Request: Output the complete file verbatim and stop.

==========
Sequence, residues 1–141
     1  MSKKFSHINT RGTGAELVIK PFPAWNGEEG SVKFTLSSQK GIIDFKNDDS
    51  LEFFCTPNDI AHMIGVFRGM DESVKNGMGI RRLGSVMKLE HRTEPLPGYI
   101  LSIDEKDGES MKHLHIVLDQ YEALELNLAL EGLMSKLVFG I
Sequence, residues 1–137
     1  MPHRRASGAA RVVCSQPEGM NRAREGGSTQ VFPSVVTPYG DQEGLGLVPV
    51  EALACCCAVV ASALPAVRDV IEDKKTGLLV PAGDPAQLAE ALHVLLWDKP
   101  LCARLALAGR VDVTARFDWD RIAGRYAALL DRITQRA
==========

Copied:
Sequence, residues 1–141
     1  MSKKFSHINT RGTGAELVIK PFPAWNGEEG SVKFTLSSQK GIIDFKNDDS
    51  LEFFCTPNDI AHMIGVFRGM DESVKNGMGI RRLGSVMKLE HRTEPLPGYI
   101  LSIDEKDGES MKHLHIVLDQ YEALELNLAL EGLMSKLVFG I
Sequence, residues 1–137
     1  MPHRRASGAA RVVCSQPEGM NRAREGGSTQ VFPSVVTPYG DQEGLGLVPV
    51  EALACCCAVV ASALPAVRDV IEDKKTGLLV PAGDPAQLAE ALHVLLWDKP
   101  LCARLALAGR VDVTARFDWD RIAGRYAALL DRITQRA